Pressing Concerns: Zinskē, Jon the Movie, Stomatopod, Red Pants

Oh, hello there. How are you today? Sorry to hear that. Perhaps these albums can take your mind off of that. Today, Pressing Concerns looks at new records from Zinskē, Jon the Movie, Stomatopod, and Red Pants.

If you’re looking for more new music, you can browse previous editions of Pressing Concerns or visit the site directory.

Zinskē – Murder Mart

Release date: February 14th
Record label: Self-released
Genre: 90s indie rock
Formats: Vinyl, digital
Pull track: TV Guide to the Spirit World

Philadelphia’s something of an indie rock epicenter these days—thanks in part to the massive success of festival-ready bands like The War on Drugs and Japanese Breakfast, but, frankly, more due to the continued efforts of bands that will never be as big as those two. Bands like Zinskē. Not to suggest this four-piece group is unpolished; in their own way, they’re just as sleek and put-together. In terms of fellow Philly bands, they remind me the most of the controlled, austere post-punk of Dark Blue, although Zinskē skew more 90s than 80s. Everything’s tight and in its right place on Murder Mart, their debut full-length record. Singer/songwriter/guitarist Chris Lipczynski’s vocals mark the record above anything else—low, dry, and stoic, they’re the perfect match for both the band’s sharp dullness and lyrics that have too many shadows dancing underneath them to be truly “opaque” as they might seem at first.

Lipczynski stays at his personal sea level often enough in Murder Mart to shift his vocal Overton Window—when he raises his voice just a little bit in “Ortolan Sung”, it comes off as basically howling. “Ortolan Sung” also has a lightly dire lead guitar intro courtesy of Kevin O’Halloran—just one of Zinskē’s soft touches throughout Murder Mart. Emily Cahill’s prominent and frequently melodic basslines, another weapon, rear up in “Keno” and “Honeycreeper” among others, the former a woozy dance and the latter pure uneasy tension. The bass also helps Murder Mart’s closing track drift off lazily—a song, by the way, that’s called “TV Guide to the Spirit World”, which flips through cultural detritus in a manner worthy of the record’s car-crash-level of eye-catching album cover. Lipczynski and the band perform this balancing act of being a subtle band that yet always sounds animated by something—even in the lyrics (hell, whole songs) on Murder Mart that I can’t quite parse. This is what “fun music” means, to me. (Bandcamp link)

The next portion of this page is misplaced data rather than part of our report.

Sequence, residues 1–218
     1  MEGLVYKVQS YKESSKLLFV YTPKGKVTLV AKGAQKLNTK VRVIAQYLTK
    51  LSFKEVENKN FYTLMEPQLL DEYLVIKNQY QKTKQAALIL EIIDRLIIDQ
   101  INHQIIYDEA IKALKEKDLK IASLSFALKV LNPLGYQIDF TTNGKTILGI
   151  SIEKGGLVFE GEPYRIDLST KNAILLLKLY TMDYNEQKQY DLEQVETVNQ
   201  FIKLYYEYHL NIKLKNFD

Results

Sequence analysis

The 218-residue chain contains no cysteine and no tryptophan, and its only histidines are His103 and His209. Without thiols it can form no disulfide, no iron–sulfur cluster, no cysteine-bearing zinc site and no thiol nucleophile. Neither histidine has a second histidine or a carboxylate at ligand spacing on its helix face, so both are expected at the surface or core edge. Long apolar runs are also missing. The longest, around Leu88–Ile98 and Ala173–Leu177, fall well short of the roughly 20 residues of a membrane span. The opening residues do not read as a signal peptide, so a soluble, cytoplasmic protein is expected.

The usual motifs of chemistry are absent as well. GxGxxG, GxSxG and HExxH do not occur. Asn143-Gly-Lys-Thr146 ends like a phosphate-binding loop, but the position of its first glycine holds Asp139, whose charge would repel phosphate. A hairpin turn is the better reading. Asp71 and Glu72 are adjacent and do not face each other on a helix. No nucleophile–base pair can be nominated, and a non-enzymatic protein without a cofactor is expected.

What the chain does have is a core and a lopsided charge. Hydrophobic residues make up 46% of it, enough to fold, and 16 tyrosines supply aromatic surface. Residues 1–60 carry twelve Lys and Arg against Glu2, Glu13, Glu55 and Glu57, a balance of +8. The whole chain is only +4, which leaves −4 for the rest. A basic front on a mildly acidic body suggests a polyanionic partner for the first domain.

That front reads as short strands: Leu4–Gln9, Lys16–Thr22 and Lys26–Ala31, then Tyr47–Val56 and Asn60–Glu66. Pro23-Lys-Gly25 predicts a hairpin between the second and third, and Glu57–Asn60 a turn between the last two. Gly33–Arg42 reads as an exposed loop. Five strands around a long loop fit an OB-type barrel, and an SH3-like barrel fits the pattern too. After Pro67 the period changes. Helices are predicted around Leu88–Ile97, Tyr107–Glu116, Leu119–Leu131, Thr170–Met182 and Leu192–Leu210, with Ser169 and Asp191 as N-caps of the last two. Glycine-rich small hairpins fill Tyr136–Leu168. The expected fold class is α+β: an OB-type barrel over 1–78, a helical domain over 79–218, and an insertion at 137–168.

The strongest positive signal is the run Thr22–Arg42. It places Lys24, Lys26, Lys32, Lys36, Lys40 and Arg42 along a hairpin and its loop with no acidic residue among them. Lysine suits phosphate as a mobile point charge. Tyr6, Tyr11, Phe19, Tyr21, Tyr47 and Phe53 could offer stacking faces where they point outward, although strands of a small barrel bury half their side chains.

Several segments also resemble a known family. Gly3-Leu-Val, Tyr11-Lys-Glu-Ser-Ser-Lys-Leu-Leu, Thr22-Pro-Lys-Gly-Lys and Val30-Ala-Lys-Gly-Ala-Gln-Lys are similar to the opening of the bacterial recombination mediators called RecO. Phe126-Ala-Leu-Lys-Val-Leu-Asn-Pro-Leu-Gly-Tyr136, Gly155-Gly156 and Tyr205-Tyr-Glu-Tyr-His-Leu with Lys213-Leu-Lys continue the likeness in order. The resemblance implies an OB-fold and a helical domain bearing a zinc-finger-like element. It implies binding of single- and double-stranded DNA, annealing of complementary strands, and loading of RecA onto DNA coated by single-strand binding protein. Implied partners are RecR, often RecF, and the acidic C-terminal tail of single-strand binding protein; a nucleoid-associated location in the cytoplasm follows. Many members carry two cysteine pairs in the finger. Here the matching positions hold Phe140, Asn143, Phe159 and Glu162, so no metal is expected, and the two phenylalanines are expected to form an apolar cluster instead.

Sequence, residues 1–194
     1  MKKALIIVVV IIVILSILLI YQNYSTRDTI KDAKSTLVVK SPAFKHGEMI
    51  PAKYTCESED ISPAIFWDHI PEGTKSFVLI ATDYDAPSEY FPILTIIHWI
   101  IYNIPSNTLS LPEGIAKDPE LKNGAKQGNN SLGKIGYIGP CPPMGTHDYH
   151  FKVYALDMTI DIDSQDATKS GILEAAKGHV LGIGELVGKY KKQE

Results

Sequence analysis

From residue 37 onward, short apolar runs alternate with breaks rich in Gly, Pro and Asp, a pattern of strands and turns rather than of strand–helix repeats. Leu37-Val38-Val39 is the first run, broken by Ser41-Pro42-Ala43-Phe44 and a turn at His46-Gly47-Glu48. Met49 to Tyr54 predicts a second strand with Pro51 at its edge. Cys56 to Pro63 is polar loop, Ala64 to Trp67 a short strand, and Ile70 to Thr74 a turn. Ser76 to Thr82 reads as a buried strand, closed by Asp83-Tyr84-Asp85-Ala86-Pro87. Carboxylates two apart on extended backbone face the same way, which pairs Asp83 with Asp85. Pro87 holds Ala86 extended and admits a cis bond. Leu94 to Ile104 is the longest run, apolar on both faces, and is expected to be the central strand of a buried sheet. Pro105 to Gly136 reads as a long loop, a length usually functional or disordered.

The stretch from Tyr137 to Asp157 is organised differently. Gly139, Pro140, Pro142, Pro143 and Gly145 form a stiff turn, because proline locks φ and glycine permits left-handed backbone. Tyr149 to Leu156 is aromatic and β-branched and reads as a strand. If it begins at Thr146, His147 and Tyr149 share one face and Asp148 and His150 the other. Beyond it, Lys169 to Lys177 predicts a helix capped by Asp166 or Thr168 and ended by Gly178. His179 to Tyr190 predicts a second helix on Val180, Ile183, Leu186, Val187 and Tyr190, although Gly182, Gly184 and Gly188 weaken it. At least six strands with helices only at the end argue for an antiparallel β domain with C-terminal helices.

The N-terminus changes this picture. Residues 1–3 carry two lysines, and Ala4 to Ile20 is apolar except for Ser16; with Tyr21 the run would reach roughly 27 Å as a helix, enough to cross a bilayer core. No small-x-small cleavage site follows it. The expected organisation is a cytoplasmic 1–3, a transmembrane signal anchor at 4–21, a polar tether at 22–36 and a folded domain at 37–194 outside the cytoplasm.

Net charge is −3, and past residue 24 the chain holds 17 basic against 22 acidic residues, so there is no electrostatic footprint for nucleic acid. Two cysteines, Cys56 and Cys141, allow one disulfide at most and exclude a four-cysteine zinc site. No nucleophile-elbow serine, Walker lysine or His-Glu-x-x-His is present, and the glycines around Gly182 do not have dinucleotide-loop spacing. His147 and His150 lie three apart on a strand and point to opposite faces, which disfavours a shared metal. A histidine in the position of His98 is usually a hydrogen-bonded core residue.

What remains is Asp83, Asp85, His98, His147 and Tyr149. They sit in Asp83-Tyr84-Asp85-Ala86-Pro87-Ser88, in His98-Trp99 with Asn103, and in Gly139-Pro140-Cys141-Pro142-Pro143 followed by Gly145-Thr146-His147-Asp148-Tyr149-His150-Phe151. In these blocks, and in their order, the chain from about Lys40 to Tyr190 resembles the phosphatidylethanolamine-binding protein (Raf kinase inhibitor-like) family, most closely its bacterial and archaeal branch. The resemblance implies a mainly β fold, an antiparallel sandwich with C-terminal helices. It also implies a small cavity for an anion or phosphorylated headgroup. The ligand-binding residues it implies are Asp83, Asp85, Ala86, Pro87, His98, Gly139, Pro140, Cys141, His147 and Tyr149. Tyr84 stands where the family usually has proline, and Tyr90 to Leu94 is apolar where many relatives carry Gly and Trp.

Jon the Movie – A Glimpse That Made Sense

Release date: January 5th
Record label: New Morality Zine/Cauldron of Burgers
Genre: Lo-fi indie rock/punk
Formats: Cassette, digital
Pull track: Soul Tied to a Stranger

Long Island, New York’s Jon Gusman is a musician and visual artist who’s been playing in bands (notably the vocalist for hardcore group Rule Them All) for a while now—recently, he’s stepped out on his own as Jon the Movie, a project that debuted at the beginning of the year with A Glimpse That Made Sense. Jon the Movie falls nicely into the category of “dude with hardcore background making more melodic alt-rock”—Gusman cites Fugazi, The Smashing Pumpkins, and Guided by Voices, and I’ll be damned if the first five songs on A Glimpse That Made Sense don’t sound like the exact center of that triangle.  The record kicks off with the hard-hitting “Coffin Position”, a pretty solidly MacKaye-esque punk anthem with Jimmy Chamberlain-style attention-grabbing drums, and then veers into the subtler melodic fuzz-pop of “I Can’t Help”.